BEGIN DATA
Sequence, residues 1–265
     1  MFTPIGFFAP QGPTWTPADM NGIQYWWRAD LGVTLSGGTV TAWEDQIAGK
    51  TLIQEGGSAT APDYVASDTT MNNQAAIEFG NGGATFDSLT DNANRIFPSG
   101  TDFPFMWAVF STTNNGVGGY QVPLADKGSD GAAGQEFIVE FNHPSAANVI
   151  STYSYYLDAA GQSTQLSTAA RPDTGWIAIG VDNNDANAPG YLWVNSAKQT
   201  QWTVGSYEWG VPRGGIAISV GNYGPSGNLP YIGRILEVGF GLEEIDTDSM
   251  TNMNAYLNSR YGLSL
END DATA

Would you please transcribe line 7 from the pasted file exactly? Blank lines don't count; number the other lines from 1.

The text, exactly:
   251  TNMNAYLNSR YGLSL